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The Stories We Tell Ourselves – How Stigma Feels

Published on
November 04, 2021

Retired U.S. Air Force Col. DeDe Halfhill helps listeners access the work of Dr. Brene Brown from the lens of a military service member or spouse. One way she does this is by talking about the importance of writing (and owning) our own narrative.

“I think the first thing we have to do is we have to get really comfortable with identifying it, right? Not just brushing those shame experiences, those shame feelings, that feeling of stigma under the rug. We have to start bringing it into the light.” – Retired U.S. Air Force Col. DeDe Halfhill

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Writing our own Narrative

Whether we know it or not, we write our own narratives every day. If we feel self-conscious about our military-connected status it can significantly hold us back. If we believe school officials are out to get our children we may not be as effective at advocacy. Here is an example:

Negative Narrative

You want your child to receive a free and appropriate public education. You know that you will leave in two to three years. You remember how hard it was to get services for your child at your last school and how the military office you called couldn’t help. You feel overwhelmed and feel like giving up. So you take what you get or you brace for battle.

Positive Narrative

This school is a fresh start. Educators get into this field to help our kiddos. They just don’t know us yet, but I’m used to jumping into new situations. I may not have a degree in education, but I’m an expert on the needs of my child. I have legal protections I can rely upon. I did my research and am ready to take my seat at the table to advocate for my child.

While writing your own narrative will not erase negative experiences, it is essential to setting the stage for productive conversation. Ultimately learning more about how stigma feels will help uncover the stigma we have allowed to fester in our hearts.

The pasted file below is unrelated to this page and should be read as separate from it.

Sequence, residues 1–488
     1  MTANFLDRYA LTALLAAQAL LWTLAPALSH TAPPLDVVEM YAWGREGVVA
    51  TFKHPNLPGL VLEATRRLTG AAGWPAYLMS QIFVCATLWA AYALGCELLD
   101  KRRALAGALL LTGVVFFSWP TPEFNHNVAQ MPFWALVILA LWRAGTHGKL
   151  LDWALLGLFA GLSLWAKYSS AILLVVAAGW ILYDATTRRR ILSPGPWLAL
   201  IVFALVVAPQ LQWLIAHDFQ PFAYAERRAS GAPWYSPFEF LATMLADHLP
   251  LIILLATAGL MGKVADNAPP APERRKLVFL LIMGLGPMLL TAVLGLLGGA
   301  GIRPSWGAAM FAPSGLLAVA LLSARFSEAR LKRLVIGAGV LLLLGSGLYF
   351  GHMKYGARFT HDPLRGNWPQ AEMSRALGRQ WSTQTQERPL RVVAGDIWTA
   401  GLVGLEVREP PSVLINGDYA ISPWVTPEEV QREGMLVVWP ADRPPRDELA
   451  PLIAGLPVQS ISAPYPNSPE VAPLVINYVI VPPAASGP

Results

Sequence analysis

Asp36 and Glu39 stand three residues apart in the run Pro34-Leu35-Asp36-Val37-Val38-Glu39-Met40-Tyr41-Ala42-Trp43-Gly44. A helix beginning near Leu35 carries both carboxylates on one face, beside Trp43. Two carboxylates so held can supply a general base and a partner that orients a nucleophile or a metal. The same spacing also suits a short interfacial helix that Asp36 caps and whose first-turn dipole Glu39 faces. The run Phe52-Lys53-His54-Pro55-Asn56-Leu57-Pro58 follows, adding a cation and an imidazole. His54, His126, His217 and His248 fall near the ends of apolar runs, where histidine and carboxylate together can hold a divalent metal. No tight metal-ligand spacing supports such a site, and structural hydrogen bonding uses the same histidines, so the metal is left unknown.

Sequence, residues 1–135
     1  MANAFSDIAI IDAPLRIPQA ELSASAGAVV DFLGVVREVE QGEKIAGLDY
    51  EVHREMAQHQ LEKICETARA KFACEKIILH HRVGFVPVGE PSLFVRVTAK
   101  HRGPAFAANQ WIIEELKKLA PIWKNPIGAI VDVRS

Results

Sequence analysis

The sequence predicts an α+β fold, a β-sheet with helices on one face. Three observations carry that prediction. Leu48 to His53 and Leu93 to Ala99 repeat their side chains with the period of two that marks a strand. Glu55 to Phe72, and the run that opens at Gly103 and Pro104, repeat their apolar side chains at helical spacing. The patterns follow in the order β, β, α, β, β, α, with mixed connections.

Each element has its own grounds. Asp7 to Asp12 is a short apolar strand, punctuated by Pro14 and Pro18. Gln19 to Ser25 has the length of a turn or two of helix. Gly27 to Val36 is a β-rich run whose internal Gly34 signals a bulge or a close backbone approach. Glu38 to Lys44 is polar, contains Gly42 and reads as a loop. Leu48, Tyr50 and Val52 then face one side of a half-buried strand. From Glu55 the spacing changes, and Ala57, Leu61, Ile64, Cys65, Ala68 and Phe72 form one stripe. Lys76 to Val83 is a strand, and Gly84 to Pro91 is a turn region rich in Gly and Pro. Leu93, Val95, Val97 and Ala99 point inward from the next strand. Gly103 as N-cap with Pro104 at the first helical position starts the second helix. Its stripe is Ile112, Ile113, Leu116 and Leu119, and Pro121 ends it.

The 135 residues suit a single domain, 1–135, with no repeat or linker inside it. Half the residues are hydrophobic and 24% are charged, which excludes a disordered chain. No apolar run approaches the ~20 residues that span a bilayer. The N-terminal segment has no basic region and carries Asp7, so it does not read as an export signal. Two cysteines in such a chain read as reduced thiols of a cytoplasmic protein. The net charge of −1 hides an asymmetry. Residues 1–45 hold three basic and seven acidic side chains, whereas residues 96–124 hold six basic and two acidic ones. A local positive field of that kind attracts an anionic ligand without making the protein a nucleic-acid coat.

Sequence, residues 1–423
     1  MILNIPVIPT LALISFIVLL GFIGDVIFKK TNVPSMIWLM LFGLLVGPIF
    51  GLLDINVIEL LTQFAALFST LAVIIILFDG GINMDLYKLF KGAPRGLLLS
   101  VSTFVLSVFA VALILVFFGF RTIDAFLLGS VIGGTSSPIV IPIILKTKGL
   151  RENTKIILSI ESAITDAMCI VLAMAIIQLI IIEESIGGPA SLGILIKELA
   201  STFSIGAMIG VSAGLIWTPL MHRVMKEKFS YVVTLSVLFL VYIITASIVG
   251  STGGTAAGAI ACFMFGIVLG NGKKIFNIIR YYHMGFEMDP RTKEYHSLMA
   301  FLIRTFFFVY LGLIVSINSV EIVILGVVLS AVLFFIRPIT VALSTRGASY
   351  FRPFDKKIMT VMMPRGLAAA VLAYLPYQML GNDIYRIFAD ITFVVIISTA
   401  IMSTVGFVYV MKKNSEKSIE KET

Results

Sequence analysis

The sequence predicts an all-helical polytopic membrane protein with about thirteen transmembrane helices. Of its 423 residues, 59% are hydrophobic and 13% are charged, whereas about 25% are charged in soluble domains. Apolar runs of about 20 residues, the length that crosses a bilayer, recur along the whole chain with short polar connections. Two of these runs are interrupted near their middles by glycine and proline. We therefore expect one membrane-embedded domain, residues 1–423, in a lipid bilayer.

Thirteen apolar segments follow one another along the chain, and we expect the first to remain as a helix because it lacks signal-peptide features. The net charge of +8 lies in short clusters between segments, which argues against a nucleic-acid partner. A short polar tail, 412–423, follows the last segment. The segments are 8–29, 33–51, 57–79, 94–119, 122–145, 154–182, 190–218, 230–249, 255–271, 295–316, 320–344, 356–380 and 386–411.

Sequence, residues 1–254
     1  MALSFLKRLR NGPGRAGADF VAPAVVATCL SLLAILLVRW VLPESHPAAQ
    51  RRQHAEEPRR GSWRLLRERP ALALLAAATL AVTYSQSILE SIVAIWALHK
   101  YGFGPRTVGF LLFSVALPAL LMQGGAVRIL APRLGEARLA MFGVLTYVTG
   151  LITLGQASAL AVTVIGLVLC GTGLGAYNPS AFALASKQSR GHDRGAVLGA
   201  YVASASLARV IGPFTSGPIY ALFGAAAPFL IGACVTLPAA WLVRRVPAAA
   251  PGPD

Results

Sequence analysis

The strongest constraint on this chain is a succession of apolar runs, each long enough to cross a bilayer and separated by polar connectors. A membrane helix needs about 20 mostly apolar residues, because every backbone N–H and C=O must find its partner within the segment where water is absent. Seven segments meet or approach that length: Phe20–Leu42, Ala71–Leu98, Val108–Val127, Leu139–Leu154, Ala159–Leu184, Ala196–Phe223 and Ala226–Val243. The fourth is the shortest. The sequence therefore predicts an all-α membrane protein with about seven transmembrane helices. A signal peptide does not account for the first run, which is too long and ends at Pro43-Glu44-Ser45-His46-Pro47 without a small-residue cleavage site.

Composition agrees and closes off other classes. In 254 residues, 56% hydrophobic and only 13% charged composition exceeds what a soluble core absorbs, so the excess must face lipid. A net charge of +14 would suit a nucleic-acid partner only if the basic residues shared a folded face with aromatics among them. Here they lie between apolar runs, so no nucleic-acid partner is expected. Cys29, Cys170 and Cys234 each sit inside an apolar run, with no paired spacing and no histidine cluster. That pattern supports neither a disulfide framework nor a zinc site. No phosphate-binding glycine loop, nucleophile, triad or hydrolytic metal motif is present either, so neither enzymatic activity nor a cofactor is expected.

More from the Episode

About Our Guest

Ret. Air Force Col. DeDe Halfhill

A retired colonel, who is described by bestselling author Dr. Brené Brown as a leadership hero and “a total badass,” talks about her work as a military leader and “Dare to Lead” facilitator, sharing examples of how she has helped people identify emotions and combat feelings of shame and stigma.

Retired U.S. Air Force Col. DeDe Halfhill brings her real-world perspective on leadership based on her accomplished 25-year career. During her time with the Air Force, DeDe became a trusted advisor to some of our highest-ranking military leaders, including the Chairman of the Joint Chiefs of Staff and the Secretary of Defense. Deployed twice during the Iraq war, DeDe has had first-hand experience as a leader and advisor when dealing with the most difficult circumstances, often when lives were at risk, and when there were no easy answers. She understands leadership, not just from studying it, but by actually living it. DeDe realized that despite cultural norms taught and embraced by the military, traditional leadership lacked the skills to navigate the often-overlooked area of emotions, like empathy and shame, which prevented leaders from having the difficult conversations that promoted organizational connection versus severing it. Whether it’s wholehearted discussions regarding mental health, racial injustice or gender inequality, DeDe believes these painful topics can be more effectively addressed by stepping into the arena of vulnerability, which is the path to true courage. DeDe became a certified “Dare to Lead” facilitator in 2019, and is also a senior executive coach certified through Georgetown University’s Executive Leadership Coaching Program.

Our Sponsor

The Modern Military Association of America (MMAA) is the nation’s largest and oldest non-profit organization for LGBTQIA+ service members, military spouses/partners, veterans, caregivers, and allies. Find out more at www.ModernMilitary.org

This episode has been sponsored by MMAA

Want to Share Your Disruptive Story?

Disruptive Storytelling with Military Changemakers is a bi-weekly podcast presented by Partners in PROMISE, a nonprofit dedicated to Protecting the Rights Of Military children In Special Education (P.R.O.M.I.S.E.). This season of the podcast is sponsored by the Modern Military Association of America with music by Stephen McDonough.

Want to sponsor a future episode? Email: info@thepromiseact.org

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